Article 23(b) of the 1907 Hague Convention on the Laws and Customs of War on Earth prohibited “the treacherous death or injury of individuals belonging to the hostile nation or army”.
This rule has certainly been enlisted by customary international law.
From this point of view, some argue, then, that the policy of “selective deaths” by governments (US) will not be able to do so. The U.S., Israel, Russia, etc.) does not form “murders”, since – to carry them out – neither “treason” nor “perfidy” is used at the time of implementing the respective attack. The preferred method for such action seems to be, nowadays, to use “black operations”, or, as has been customary for a decade, since drones. What, then, would be as legitimate as using more conventional methods, such as missiles being fired from helicopters in flight.
In turn, Article 37 of Protocol I Additional to the Geneva Conventions of 12 August 19498 prohibits “perfidy”, as follows: “It is prohibited to kill an adversary using perfidious means. Acts which, by appealing to the good faith of an adversary with intent to betray him, imply to him that he is entitled to protection, or that he is obliged to grant it, in accordance with the rules of international law applicable in armed conflicts shall constitute perfisile. Examples of perfidy are the following acts: (a) simulate the intention to negotiate under the flag of parliament or surrender; (b) simulate a disability from injury or illness; c) simulate the status of civilian, non-combatant; and (d) simulate the possessor of a statute of protection through the use of signs, emblems or uniforms of the United Nations or neutral States, or of other States that are not parties to the conflict.”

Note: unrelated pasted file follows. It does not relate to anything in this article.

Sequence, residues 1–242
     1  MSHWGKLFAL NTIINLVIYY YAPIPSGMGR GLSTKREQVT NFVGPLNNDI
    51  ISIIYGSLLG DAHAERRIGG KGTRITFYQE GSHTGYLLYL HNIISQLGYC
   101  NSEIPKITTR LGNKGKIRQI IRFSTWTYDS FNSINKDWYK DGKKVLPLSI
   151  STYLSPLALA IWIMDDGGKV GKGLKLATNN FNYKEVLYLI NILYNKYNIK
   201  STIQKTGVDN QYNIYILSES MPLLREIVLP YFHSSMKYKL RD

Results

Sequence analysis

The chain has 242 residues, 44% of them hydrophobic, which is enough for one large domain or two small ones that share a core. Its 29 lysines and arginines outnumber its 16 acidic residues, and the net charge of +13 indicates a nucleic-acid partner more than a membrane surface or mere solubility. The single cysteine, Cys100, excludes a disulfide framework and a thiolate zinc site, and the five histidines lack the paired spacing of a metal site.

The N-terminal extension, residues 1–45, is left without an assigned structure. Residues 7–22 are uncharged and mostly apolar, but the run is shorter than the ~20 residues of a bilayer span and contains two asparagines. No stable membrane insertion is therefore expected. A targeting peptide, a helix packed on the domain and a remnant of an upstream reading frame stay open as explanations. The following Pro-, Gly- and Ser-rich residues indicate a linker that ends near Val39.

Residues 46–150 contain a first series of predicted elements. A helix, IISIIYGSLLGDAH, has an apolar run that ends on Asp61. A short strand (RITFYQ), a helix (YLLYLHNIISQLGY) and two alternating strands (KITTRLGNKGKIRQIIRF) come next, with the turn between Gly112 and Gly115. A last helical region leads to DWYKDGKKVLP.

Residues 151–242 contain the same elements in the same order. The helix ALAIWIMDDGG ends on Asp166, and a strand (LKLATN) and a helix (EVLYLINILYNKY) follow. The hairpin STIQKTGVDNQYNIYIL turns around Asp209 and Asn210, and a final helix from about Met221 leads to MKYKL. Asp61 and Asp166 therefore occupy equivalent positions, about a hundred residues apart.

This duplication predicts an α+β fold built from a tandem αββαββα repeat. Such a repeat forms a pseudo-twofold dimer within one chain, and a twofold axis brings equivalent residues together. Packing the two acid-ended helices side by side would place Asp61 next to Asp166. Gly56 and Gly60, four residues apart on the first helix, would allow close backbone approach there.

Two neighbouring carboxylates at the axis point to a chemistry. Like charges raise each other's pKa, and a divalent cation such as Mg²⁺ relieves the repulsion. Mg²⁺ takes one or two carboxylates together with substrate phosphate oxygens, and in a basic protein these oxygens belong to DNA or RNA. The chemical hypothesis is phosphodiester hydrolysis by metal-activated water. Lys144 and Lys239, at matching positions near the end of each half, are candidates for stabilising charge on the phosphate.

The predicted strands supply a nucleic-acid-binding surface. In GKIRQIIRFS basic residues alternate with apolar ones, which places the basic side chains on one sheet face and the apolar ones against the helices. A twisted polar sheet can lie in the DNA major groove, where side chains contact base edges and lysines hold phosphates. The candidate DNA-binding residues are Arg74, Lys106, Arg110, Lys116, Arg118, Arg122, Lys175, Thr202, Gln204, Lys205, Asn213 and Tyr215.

It should be emphasized that e(l) Article 37 of Protocol I Additional to the Geneva Conventions does not, on the other hand, prohibit stratagems, such as camouflage, simulated operations, and the dissemination and use of false information.